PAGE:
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Electric pulse attenuation

  1. Dec 7, 2007 #1
    Hallo to all,

    I have been reading a paper regarding electric pulse attenuation and
    the values are quoted in dB. The conversion to dB was done by
    multiplying the value with (20log10e) where "e" is the base of the
    natural logarithm.

    I see this conversion to dB fist time. I can not find any information
    in my math books or the web.

    Does any of you have any information regarding this that I can read so
    I can understand it better?
     
  2. jcsd
  3. Dec 7, 2007 #2
    On Dec 6, 12:37 pm, Efthimios <eangelopou...@gmail.com> wrote:
    > Hallo to all,
    >
    > I have been reading a paper regarding electric pulse attenuation and
    > the values are quoted in dB. The conversion to dB was done by
    > multiplying the value with (20log10e) where "e" is the base of the
    > natural logarithm.
    >
    > I see this conversion to dB fist time. I can not find any information
    > in my math books or the web.
    >
    > Does any of you have any information regarding this that I can read so
    > I can understand it better?


    "dB" is short for "decibel". It is a logarithmic power scale relative
    to some reference power. The most general formula is:

    dB = 10 Log10( P1/P0)

    Where P1 is the power being described and P0 is the reference power
    level. On this scale zero dB means the power is equal to the
    reference power level. 10 dB means the power is 10 times the
    reference level. 20dB means it is 100x the reference level. etc.

    When used often the reference level is not stated explicitely. Really
    it ought to be. In low power RF (radio frequency) electronics they
    often use dBm meaning decibels wrt 1 milliwatt. You also sometimes
    see dBuW (wrt to 1 micro Watt) and dBW (wrt 1 Watt). As electrical
    signals are often measured in volts, you often see decibels defined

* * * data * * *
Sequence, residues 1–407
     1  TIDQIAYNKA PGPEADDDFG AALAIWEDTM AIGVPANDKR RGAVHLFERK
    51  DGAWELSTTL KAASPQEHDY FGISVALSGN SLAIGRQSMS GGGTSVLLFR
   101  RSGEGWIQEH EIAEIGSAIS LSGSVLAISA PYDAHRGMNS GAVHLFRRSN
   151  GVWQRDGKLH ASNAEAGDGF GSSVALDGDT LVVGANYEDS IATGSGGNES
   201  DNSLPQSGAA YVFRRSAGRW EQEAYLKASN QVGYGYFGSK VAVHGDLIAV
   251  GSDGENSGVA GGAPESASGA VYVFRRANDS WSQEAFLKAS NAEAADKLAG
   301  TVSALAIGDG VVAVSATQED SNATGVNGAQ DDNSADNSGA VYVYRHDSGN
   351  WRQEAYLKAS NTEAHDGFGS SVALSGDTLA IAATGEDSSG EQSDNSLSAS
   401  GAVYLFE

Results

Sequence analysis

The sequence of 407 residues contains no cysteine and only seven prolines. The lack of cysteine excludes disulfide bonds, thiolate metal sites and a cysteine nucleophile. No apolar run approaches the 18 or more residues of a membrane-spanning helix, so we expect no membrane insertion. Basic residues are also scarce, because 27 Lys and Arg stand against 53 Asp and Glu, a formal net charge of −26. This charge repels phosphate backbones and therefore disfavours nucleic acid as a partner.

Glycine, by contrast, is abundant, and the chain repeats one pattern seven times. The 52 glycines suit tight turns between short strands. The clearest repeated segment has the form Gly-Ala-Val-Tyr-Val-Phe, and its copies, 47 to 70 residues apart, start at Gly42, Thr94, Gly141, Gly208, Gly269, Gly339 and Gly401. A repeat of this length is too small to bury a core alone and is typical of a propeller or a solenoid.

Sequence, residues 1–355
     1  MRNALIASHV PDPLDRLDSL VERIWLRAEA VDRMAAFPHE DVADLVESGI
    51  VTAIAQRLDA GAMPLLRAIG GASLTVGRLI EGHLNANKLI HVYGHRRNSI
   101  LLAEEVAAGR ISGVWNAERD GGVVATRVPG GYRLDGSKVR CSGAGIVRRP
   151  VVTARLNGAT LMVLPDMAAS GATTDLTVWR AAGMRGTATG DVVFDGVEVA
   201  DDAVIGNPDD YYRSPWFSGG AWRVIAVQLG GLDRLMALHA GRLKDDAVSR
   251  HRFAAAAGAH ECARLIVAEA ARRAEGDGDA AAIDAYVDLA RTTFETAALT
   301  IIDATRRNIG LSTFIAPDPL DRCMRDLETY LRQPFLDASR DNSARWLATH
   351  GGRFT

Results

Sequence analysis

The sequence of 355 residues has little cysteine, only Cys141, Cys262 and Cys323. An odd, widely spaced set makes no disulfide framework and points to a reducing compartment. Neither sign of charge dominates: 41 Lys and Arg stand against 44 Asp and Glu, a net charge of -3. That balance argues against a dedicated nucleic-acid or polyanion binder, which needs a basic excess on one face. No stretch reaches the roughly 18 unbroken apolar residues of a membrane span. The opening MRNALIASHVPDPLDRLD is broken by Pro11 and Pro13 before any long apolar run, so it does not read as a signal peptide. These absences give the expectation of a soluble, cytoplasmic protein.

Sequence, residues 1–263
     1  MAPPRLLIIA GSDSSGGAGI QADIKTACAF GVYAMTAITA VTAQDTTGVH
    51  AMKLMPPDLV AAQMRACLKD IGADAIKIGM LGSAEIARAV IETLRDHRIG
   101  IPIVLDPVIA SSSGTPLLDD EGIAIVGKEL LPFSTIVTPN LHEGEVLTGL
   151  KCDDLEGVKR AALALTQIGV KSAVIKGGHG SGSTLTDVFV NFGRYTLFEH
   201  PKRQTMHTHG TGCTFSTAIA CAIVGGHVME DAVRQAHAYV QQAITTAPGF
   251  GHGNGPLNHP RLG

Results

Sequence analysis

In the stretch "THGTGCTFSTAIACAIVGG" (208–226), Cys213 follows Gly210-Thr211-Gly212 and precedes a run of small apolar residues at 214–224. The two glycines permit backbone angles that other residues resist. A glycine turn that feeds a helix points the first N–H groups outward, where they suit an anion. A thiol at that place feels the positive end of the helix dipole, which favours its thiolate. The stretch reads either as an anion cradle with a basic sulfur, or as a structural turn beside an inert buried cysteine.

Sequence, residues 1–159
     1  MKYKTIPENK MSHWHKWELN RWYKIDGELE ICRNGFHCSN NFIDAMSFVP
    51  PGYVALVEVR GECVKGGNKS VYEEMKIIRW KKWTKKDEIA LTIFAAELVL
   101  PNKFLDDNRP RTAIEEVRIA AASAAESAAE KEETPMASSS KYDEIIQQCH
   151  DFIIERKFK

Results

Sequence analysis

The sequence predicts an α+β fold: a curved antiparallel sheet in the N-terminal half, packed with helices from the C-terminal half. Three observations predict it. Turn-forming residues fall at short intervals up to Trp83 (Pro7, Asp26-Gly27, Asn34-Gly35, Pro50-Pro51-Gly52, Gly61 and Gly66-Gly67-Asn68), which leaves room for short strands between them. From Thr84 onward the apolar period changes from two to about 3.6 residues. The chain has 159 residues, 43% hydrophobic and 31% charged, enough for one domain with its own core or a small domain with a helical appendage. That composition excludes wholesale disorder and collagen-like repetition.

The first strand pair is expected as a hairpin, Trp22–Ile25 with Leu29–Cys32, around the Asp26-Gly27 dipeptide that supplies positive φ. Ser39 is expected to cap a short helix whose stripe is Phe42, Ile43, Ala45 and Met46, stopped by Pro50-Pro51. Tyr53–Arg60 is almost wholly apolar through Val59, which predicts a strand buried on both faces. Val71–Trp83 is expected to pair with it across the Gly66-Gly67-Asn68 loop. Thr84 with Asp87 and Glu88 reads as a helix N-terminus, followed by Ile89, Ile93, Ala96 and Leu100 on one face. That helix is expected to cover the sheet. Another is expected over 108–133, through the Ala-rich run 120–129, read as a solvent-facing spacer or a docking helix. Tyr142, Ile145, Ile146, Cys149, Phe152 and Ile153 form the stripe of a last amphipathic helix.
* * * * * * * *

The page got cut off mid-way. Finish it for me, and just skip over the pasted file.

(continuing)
as:

    dB = 20 Log10 (V1/V0)

    This is correct assuming that the impedance of the circuit with V1 and
    V0 are the same, and that the power is related to V^2/R. If the
    impedances are not the same (e.g. between the input and output of an
    amplifier) then this formula is not correct. Decibels are always a
    power ratio expressed as a log.

    There is more on this in the Wikipedia article on
    "decibel" (www.wikipedia.org)

    Rich L.
     
  4. Dec 8, 2007 #3
    On Dec 7, 4:01 am, "Rich L." <ralivings...@sbcglobal.net> wrote:
    > On Dec 6, 12:37 pm, Efthimios <eangelopou...@gmail.com> wrote:
    >
    > > Hallo to all,

    >
    > > I have been reading a paper regarding electric pulse attenuation and
    > > the values are quoted in dB. The conversion to dB was done by
    > > multiplying the value with (20log10e) where "e" is the base of the
    > > natural logarithm.

    >
    > > I see this conversion to dB fist time. I can not find any information
    > > in my math books or the web.

    >
    > > Does any of you have any information regarding this that I can read so
    > > I can understand it better?

    >
    > "dB" is short for "decibel". It is a logarithmic power scale relative
    > to some reference power. The most general formula is:
    >
    > dB = 10 Log10( P1/P0)
    >
    > Where P1 is the power being described and P0 is the reference power
    > level. On this scale zero dB means the power is equal to the
    > reference power level. 10 dB means the power is 10 times the
    > reference level. 20dB means it is 100x the reference level. etc.
    >
    > When used often the reference level is not stated explicitely. Really